Also in Gzt.ru, Defense Ministry critic Konstantin Sivkov describes the three missile plan as absurd and expensive.  With each missile costing 300 million rubles, it’s a 1 billion ruble effort and there’s no guarantee the bug, or bugs, will be identified.  He believes the designers will have to conduct stand tests where all components can be checked under controlled conditions.  He blames defective parts allowed into the system due to inadequate production controls.

Gazeta.ru cited one Andrey Ionin, a missile designer, who agrees the problem lies in the absence of technological discipline in the enterprises of the Russian OPK.  He says:

“Cooperation by several hundred enterprises, working under different forms of ownership, in different parts of the country, without observing all rules of technological discipline is pointless.” 

Nevertheless, simultaneous assembly of three missiles could be a way of searching for mistakes in Bulava.

MIT missile designer Yuriy Solomonov has said repeatedly it’s defective materials, production process breakdowns, and the lack of quality control, but neither he nor military men are saying which materials or processes they suspect.  He’s also said Russia lacks 50 materials needed for solid-fuel missile production.

In Kommersant, former RVSN general Viktor Yesin claims the Defense Ministry’s inter-departmental commission investigating Bulava has determined that enterprises didn’t cooperate and provided poor quality parts for the missile.  Still he sees no alternative to Bulava and believes its design is workable.

Navy CINC on Bulava Findings and Typhoon SSBNs

Speaking Friday in Novorossiysk while accompanying Prime Minister Putin, Navy CINC Admiral Vladimir Vysotskiy said the Bulava SLBM commission will report 20 May on its findings regarding the last unsuccessful test launch.  He also promised:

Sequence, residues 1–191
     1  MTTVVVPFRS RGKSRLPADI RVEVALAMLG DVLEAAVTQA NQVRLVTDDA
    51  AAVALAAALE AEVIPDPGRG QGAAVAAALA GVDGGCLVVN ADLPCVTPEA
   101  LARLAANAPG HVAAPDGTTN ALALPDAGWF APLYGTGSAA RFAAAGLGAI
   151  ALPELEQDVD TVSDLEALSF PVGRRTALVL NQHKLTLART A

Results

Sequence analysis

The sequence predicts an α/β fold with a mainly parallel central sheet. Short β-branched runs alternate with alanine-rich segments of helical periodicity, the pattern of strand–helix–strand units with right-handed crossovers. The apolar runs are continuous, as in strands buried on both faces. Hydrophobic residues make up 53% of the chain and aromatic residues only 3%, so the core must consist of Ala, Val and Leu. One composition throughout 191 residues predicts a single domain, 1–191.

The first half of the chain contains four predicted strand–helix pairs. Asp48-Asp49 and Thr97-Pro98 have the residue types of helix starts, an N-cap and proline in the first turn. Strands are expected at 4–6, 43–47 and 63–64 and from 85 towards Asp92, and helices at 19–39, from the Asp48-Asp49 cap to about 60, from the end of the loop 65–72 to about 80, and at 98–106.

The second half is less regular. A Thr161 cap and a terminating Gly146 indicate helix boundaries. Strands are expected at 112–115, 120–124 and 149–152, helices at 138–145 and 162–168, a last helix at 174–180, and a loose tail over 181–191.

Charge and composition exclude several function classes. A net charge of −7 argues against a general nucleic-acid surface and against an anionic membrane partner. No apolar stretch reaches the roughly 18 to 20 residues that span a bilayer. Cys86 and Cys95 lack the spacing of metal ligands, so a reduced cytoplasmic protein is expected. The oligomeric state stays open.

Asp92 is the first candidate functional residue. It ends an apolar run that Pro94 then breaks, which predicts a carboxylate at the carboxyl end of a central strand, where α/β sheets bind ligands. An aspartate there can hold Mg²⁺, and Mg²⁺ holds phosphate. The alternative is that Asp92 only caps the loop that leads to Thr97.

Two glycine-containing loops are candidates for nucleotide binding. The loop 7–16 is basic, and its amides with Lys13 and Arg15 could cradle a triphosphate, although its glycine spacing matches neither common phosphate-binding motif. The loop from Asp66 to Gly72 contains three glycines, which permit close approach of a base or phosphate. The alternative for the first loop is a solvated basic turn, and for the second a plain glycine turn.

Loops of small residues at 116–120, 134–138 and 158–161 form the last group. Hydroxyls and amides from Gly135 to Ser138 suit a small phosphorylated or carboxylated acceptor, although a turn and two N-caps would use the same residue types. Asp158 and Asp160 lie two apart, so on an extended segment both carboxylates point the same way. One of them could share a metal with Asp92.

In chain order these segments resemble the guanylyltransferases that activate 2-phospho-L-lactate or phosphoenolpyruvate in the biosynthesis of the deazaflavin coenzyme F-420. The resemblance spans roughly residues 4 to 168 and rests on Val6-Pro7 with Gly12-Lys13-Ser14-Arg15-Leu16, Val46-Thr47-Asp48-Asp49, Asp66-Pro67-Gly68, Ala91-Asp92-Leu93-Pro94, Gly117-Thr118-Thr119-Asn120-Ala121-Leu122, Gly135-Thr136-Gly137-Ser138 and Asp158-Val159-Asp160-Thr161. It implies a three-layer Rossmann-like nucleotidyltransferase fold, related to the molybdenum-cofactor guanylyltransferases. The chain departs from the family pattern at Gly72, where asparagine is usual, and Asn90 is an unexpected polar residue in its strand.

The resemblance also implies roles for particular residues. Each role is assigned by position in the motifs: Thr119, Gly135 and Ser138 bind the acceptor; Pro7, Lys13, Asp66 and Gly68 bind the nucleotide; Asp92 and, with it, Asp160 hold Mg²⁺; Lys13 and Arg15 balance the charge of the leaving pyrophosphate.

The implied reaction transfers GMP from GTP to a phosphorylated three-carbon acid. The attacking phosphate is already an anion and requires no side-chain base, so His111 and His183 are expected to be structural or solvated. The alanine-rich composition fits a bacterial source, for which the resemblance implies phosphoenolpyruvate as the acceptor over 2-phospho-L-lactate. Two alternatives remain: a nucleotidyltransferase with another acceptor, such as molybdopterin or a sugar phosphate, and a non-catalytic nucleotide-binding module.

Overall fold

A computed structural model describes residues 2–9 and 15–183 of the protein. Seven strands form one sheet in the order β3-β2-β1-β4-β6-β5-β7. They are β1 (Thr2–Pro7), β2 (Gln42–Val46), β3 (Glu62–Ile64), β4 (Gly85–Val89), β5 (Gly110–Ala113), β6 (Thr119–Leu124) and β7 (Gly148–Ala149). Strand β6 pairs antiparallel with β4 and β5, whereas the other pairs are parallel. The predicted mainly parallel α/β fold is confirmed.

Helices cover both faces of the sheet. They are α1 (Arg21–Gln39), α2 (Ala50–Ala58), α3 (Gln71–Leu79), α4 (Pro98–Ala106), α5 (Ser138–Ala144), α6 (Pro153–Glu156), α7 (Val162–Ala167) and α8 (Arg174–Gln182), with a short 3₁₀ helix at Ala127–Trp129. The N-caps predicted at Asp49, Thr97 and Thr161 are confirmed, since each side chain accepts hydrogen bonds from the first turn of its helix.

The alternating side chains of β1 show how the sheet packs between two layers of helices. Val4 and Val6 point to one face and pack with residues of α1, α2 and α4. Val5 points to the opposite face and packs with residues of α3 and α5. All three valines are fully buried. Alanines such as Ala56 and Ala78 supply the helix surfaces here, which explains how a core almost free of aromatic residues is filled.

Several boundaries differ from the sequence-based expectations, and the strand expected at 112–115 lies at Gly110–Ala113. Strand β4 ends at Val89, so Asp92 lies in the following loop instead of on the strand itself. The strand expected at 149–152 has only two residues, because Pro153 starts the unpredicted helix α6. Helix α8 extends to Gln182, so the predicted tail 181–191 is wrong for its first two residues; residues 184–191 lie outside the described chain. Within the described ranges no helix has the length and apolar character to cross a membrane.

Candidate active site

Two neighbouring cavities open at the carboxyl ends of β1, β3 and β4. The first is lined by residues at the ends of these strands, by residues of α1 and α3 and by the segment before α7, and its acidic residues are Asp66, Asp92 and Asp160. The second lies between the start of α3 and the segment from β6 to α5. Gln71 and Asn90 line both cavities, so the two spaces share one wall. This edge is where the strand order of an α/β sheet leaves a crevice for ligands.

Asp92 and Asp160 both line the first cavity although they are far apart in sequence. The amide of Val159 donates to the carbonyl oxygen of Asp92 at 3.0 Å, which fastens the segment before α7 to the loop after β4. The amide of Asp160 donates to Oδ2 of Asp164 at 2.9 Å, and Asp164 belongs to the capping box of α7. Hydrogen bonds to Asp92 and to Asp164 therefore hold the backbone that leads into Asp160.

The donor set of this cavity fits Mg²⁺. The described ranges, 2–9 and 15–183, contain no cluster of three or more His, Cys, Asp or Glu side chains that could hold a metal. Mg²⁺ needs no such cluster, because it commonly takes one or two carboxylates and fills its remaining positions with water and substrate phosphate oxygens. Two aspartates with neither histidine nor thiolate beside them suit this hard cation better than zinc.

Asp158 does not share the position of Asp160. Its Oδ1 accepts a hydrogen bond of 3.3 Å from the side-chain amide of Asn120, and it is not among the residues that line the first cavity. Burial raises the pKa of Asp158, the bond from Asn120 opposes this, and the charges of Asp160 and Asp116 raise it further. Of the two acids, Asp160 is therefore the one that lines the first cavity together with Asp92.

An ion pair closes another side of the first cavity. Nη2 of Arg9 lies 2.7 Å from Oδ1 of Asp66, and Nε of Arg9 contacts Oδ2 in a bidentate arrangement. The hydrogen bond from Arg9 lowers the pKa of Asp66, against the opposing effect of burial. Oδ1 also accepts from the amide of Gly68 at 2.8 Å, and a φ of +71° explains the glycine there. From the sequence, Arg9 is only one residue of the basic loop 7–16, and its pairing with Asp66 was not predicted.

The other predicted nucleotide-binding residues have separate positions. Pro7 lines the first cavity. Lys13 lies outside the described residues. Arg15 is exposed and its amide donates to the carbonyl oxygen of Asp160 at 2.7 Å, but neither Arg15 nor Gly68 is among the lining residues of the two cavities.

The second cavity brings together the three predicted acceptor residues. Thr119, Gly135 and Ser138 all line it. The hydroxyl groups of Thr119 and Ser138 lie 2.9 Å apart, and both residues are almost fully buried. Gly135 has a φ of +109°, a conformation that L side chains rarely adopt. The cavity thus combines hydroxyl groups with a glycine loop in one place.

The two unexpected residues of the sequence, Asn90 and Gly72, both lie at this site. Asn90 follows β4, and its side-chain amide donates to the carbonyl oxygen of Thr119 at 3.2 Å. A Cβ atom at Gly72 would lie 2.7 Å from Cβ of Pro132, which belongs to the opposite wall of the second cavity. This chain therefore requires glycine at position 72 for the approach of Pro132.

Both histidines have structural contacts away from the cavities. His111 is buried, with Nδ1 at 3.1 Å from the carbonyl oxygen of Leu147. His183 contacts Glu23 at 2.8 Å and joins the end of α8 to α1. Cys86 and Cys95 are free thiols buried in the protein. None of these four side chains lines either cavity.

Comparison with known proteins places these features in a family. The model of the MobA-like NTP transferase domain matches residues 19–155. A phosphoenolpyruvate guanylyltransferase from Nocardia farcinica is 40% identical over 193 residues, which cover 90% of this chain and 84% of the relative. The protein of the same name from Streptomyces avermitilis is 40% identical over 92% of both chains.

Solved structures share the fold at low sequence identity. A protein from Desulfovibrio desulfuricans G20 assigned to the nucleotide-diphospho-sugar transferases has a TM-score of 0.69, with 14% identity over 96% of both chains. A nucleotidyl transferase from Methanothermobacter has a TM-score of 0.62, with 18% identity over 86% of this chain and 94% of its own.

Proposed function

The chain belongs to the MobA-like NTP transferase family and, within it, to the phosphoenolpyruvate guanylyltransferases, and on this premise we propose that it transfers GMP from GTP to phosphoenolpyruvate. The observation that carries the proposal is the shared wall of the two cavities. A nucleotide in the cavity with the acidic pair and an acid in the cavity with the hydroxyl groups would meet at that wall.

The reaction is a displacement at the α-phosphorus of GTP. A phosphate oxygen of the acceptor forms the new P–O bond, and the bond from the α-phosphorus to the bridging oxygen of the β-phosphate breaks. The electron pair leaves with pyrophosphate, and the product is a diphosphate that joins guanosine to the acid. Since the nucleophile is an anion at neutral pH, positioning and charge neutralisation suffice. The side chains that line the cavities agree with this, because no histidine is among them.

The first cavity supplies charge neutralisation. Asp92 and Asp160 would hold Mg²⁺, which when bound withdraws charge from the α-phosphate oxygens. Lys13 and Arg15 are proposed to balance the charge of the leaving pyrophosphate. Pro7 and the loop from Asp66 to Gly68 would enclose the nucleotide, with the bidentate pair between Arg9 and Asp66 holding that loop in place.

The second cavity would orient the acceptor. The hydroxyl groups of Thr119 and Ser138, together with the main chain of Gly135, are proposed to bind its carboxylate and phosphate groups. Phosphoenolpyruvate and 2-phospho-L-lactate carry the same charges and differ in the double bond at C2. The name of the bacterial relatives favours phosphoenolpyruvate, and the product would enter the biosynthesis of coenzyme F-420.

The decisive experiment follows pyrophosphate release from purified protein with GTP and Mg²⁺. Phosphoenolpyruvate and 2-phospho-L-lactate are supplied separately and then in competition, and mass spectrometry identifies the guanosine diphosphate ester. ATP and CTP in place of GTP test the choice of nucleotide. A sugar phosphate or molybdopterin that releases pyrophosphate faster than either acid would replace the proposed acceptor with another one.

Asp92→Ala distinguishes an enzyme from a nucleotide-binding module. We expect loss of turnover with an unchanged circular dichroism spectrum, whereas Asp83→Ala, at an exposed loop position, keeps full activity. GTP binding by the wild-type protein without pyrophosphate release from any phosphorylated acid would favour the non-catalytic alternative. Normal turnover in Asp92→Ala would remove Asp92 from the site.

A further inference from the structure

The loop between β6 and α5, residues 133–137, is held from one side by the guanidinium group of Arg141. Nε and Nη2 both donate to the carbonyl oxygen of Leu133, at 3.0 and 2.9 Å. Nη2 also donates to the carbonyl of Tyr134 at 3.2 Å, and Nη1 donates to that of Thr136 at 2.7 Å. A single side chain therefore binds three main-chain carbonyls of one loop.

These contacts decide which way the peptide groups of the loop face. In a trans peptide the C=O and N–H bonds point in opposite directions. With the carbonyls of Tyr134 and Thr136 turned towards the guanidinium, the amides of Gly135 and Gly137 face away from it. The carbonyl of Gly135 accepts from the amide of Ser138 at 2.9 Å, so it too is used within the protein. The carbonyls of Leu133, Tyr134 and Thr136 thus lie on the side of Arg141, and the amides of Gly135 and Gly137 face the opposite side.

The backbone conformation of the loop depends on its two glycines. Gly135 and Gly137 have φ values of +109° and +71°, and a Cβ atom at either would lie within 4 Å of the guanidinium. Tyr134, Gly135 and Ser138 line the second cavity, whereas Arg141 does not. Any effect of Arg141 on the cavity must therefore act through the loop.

“We are working continuously and checking the entire process of the missile’s development.”

“Continuous work of voyenpredy [military factory representatives] is being implemented.  Right down to a screw, with the submission of corresponding certificates.”

“. . . all enterprises active in Bulava production are working under control of military acceptance.  We are checking the entire process from beginning to end.”

RIA Novosti reminded readers that, despite a string of unsuccessful tests (only 5 of 12 have been considered successful), the Defense Ministry still considers it ‘unrealistic’ to put another type of ballistic missile in new proyekt 955 SSBNs.

In February, Defense Minister Serdyukov expressed his certainty that Bulava problems would not affect the laydown of the next proyekt 955 submarine, the fourth in the series.  Officially, Moscow says Bulava will be carried through until the necessary result is obtained, and the missile will be the basis of sea-based strategic nuclear forces until 2040-2045.

One has to wonder, what happens if, after all the emphasis on eliminating production defects, Bulava still doesn’t fly?  Where does Moscow turn next for answers.

Vysotskiy also told journalists two proyekt 941 Akula (Typhoon-class SSBNs Arkhangelsk TK-17 and Severstal TK-20) will remain in the Russian Navy’s order-of-battle until 2019.  He said:

“They will be in a combat condition until 2019.  They have very great modernization possibilities.” 

This isn’t the first time he’s said this, but he hasn’t said how the 1980s-era SSBNs might be used or altered:

“There are several options, but the decision has yet to be made.” 

Of course, TK-208 Dmitriy Donskoy was modified to be the Bulava test platform.

Trouble Building Submarines at Sevmash

Northern Machinebuilding Enterprise (Sevmash)

Here is 9 February RIA Novosti verbatim:

“Sevmash” Will Not Meet Schedules for Nuclear Submarine Construction Due to Insufficient Personnel